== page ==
'Israeli Attack' on Sudanese Arms Factory Offers Glimpse of
Bombing of factory in Khartoum is neither confirmed nor denied
by Israel, but there are precedents for this sort of attack
By Ian Black
Middle East editor
Guardian" - -
-No one in Israel is admitting that its pilots carried out a
long-range raid against a munitions factory in Sudan, said to be
supplying weapons to the Palestinian movement Hamas in the Gaza
But no one is denying it either. Amos Gilad, a senior defence
ministry official, ducked a direct question, praising the
capabilities of Israel's air force and calling Sudan "a
dangerous terrorist state".
This is one of those episodes where motive, capability and
precedent all matter. Sudan's angry accusation that Israel
bombed the Yarmouk factory in Khartoum is highly plausible. The
attack appears to offer a rare glimpse of a secret war that has
been going on for years.
Israel could mount a raid like this using F-16 fighters, flying
south along the Red Sea coast, under Saudi and Egyptian radar
and with aerial refuelling. It would take about two and a half
hours each way. Experts say drones could also be used. The same
long-range capability could allow it to strike nuclear
facilities in Iran.
Another tantalising glimpse of this clandestine war came in
January 2010, when suspected Mossad agents assassinated Mohammed
Mabhouh in a Dubai hotel. Mabhouh was described as the link man
between Hamas and Iran. The following year a mysterious missile
strike on a car near Port Sudan airport killed his replacement.
Hamas denied the story while Sudan called the attack a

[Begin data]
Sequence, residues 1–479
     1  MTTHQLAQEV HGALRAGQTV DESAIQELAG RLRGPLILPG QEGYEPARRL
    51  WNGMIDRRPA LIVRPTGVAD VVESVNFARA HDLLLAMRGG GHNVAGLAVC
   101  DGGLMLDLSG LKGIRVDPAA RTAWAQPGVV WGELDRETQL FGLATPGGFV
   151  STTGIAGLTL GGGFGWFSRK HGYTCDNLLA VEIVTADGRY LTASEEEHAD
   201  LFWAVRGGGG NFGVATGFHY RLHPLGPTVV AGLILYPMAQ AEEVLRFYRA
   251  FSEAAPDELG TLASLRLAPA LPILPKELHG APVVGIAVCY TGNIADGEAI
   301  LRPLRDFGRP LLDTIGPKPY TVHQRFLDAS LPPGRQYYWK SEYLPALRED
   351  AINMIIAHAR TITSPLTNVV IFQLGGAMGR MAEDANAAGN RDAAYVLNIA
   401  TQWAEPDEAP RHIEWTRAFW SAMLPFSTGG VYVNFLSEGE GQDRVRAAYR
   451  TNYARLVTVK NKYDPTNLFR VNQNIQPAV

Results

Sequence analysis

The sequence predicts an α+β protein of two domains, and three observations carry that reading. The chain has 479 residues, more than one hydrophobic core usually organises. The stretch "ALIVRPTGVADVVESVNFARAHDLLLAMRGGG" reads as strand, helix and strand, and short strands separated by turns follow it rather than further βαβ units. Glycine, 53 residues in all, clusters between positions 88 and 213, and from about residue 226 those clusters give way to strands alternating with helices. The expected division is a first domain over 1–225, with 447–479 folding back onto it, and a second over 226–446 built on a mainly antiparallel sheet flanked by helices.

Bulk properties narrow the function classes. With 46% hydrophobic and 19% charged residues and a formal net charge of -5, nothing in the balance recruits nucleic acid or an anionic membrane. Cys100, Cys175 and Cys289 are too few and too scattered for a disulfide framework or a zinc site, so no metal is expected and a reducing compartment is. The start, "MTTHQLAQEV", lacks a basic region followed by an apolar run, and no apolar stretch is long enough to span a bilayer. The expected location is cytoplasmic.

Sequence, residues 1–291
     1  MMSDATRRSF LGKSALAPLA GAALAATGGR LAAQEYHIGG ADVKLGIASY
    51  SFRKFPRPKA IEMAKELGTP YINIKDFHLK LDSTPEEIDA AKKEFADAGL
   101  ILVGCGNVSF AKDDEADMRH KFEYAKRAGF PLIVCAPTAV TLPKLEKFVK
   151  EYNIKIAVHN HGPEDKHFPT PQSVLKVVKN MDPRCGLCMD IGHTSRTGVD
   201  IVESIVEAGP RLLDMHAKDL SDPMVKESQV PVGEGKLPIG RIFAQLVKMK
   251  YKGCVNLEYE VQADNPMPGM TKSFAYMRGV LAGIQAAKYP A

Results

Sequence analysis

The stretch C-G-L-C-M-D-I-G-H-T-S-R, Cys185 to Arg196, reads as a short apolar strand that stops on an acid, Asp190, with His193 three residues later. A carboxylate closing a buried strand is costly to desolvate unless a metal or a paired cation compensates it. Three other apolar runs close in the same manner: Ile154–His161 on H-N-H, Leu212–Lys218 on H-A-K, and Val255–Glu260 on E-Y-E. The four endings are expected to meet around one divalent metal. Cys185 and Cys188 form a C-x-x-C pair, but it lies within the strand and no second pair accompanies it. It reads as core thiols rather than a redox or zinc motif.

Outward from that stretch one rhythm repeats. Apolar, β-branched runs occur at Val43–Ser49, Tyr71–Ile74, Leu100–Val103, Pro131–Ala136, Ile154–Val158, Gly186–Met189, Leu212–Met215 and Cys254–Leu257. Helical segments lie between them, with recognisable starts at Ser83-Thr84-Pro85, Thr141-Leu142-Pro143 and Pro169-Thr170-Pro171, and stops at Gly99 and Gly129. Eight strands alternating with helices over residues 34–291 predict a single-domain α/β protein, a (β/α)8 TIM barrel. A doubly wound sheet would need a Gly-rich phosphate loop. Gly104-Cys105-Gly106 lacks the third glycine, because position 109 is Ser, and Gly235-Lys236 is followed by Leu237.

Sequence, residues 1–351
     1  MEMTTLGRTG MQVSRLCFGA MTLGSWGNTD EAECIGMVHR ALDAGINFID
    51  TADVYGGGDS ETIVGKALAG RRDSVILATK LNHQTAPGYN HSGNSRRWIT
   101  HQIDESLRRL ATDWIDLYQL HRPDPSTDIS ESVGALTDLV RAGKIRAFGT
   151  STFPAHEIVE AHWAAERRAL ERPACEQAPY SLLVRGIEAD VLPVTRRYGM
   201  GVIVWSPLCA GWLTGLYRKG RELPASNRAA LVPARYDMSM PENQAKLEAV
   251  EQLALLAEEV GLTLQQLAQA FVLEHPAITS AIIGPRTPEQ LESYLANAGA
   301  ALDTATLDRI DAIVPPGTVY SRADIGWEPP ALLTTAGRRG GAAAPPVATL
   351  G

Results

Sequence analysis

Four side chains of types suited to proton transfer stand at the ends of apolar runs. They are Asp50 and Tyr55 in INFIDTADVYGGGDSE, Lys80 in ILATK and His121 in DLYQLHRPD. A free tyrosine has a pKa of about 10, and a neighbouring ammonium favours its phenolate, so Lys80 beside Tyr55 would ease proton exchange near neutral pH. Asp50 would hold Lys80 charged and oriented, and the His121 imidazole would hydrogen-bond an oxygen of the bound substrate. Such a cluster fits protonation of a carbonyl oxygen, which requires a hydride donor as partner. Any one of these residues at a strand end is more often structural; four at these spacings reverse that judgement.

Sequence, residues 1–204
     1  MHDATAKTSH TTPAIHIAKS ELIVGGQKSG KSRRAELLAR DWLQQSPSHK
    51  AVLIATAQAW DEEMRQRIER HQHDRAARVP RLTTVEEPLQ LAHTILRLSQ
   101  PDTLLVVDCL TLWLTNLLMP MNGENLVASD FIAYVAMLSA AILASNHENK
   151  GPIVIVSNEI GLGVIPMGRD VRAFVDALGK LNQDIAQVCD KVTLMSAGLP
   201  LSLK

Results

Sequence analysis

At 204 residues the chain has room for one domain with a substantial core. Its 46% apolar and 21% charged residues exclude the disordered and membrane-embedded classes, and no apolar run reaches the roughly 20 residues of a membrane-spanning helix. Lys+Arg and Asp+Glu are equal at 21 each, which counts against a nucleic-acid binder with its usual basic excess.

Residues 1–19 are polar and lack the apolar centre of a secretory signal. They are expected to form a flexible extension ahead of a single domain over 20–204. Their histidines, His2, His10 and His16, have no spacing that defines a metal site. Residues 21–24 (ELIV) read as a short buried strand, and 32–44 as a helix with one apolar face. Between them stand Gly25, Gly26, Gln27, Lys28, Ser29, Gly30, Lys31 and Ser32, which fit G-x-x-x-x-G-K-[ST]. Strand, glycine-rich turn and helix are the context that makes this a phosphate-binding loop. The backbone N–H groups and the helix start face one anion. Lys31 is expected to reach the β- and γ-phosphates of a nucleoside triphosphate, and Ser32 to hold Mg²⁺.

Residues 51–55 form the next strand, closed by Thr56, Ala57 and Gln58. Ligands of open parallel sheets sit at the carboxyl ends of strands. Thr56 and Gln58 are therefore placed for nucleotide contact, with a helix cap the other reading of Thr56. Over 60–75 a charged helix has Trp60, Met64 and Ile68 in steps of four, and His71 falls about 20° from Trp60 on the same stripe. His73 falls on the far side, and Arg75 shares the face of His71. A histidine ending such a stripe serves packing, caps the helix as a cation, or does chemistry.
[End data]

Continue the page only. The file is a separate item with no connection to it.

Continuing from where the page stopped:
"desperate Israeli attempt" to smear the country's image and
scupper its bid to be removed from the US list of state sponsors
of terrorism. Sudan has denied allowing weapons-smuggling
through its territory.
Detailed evidence of Israel's efforts to block arms shipments to
Hamas (and to Hezbollah in Lebanon) surfaced in WikiLeaks
documents published by the Guardian. They demonstrated that
Sudan was warned by the US in January 2009 not to allow the
delivery of unspecified Iranian arms that were expected to be
passed to Hamas in Gaza around the time of Israel's Cast Lead
offensive, in which 1,400 Palestinians were killed.
Israeli media has reported that the Israeli air force carried
out at least two secret operations in Sudan in January and
February 2009. The first involved the bombing of a convoy
carrying arms through Sudan to Gaza, in which 119 people were
killed. And a ship at a Sudanese port was bombed from the air.
Sudan accused the US of carrying out these attacks. In June that
year Binyamin Netanyahu, Israel's prime minister, told US
officials there was "a steady flow of Iranian weapons to Gaza
through Sudan or Syria and then by sea".
Only rarely did the US cables show evidence of direct Israeli
requests to the US to block arms deliveries. But in one meeting
in 2009 a senior US state department official noted: "Most
requests to third countries to deny arms transfer overflights
are based on Israeli intelligence. Additional
information/intelligence from the government of Israel would
ensure greater co-operation."
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